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Ear Infections in Dogs and Cats

Ear infections are a common problem in dogs and cats, especially during the summer months. This brief article explains some of the more common causes of ear infections and the importance of seeking veterinary care for your dog or cat with a sore, smelly, or itchy ear.

We'll start with cats because ear infections are not as common in cats as they are in dogs, and the majority of ear infections are caused by one thing: ear mites! Ear mites are small bugs essentially. They are contagious between cats. Once they get started in the ear canal, the irritation is relentless. Ear mites crawl around in the ear, causing intense itching. Many cats with ear mites will scratch behind their ears and on their neck until there are raw sores. If you look in an ear infected with mites, you will see large amounts of brownish material that looks like coffee grounds. This is a combination of mite feces and earwax that the ear is producing in response to the irritation. Ear mites can be diagnosed and treated by your veterinarian.

Treatment involves flushing the ear canal to remove the debris and applying topical medication. Sometimes an injection is given to help kill the mites more quickly. If there are sores on the skin near the ears, antibiotics and anti-inflammatory medications might be given to help these heal. Cats don't get a lot of bacterial or yeast infections because their earflaps (pinnae) stand straight up, allowing air to get into the canal and help keep it dry. Some cats with allergies will have chronic ear infections, but this is much more common in dogs.

Ok, on to the canine creatures. Dogs can also be affected with ear mites. The symptoms and treatment are the same for dogs as for cats, as explained above.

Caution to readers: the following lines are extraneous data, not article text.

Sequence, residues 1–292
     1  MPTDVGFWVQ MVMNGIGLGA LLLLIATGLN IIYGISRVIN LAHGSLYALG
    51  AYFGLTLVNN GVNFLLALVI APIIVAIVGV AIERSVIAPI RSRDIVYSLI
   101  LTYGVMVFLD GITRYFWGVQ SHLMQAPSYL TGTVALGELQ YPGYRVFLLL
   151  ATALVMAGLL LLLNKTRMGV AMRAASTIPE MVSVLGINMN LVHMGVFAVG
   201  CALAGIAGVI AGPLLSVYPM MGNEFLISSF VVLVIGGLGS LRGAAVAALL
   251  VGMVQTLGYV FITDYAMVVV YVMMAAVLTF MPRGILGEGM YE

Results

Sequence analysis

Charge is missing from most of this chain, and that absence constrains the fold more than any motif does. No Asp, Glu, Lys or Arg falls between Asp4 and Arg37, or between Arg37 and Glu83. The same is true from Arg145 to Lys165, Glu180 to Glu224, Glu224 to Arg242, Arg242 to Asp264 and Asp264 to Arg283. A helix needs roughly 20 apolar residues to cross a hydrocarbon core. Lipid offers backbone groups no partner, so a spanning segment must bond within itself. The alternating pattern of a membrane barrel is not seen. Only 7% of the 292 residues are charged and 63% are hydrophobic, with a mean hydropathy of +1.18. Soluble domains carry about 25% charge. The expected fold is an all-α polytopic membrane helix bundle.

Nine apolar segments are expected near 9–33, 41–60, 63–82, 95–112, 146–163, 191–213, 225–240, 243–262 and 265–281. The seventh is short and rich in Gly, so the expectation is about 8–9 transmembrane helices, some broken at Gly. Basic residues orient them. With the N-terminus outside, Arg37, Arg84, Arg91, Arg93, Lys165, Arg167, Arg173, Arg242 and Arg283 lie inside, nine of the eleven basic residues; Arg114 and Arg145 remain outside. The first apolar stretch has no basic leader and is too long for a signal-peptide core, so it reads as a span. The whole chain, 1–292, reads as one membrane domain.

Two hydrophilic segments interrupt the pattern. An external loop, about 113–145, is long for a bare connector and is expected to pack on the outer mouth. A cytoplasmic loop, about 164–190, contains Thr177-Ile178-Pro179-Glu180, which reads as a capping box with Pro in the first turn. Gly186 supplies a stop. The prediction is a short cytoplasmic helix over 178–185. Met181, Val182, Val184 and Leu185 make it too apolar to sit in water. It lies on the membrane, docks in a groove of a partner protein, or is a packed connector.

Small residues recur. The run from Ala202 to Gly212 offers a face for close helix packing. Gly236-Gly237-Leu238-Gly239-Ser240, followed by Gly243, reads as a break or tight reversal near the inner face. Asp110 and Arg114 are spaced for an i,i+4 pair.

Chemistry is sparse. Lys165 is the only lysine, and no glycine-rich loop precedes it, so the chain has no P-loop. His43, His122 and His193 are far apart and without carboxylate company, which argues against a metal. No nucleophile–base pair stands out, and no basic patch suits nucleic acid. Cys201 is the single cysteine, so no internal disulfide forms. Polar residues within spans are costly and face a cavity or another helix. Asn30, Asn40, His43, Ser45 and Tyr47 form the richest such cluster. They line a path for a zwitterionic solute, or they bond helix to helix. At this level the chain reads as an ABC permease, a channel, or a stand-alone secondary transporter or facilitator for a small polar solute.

More commonly, dogs are affected by yeast infections. Yeast is a normal inhabitant of the skin and ear canals of dogs. When the moisture and bacterial balance gets upset, an overgrowth of yeast can result. Yeast infections are characterized by brownish discharge and a foul odor. Sometimes yeast infections are complicated by a bacterial infection as well. The treatment for a yeast infection is to flush the ear canal and use topical medication for 10 to 14 days. Sometimes, oral medications must also be used. Dogs that swim a lot in the summer should have their ears cleaned with an appropriate cleaning solution after every swim or bath so that excess moisture is removed.

Bacterial infections are less common, thank goodness. Bacterial infections tend to be more severe and can cause significant pain. Sometimes the infection progresses to the point that the eardrum actually ruptures. It is advisable to obtain a culture from an ear that has a bacterial infection to determine the best medication for treatment. Bacterial infections typically produce copious liquid discharge that is tan, yellow, or even green. Sometimes, in severe cases, abscesses form under the skin below the ear.

Chronic or recurrent ear infections usually have some underlying cause. In dogs, the two most common causes are allergies and hypothyroidism. Hypothyroidism can be diagnosed with a blood test. Allergies can be more challenging to diagnose and treat because they have numerous causes. (see the related article “Allergic disease in dogs and cats”) Certain breeds of dogs are also more likely to develop recurrent ear infections. Most people know that Cocker Spaniels are notorious for ear disease. Also, breeds like Labrador Retrievers that spend a lot of time in the water are more prone to infections. The earflap laying down over the opening of the canal can trap moisture and block airflow to help create the perfect environment for overgrowth of bacteria or yeast.

One final complication related to ear infections that I would like to mention is the “aural hematoma”. This is a pocket of blood that forms under the skin of the earflap, usually in dogs with longer, floppy ears. Dogs that are scratching vigorously or shaking their heads excessively sometimes will break a small blood vessel under the skin. Because of the anatomy of the ear, the blood gets trapped between the skin and the cartilage of the ear. A puffy swelling results. Unfortunately, surgical drainage is required to repair this problem, so prevention is certainly the best option.

All in all, ear infections are caused by a limited number of factors. All should be diagnosed and treated by a veterinarian to prevent long-term consequences.

Please note that this information does not replace professional veterinary care. It is solely for educational purposes. Your pet's medical condition should be evaluated by a veterinarian before any medical decisions are implemented. If there is a potentially life-threatening emergency involving your pet, take your pet to a veterinarian or veterinary facility immediately.

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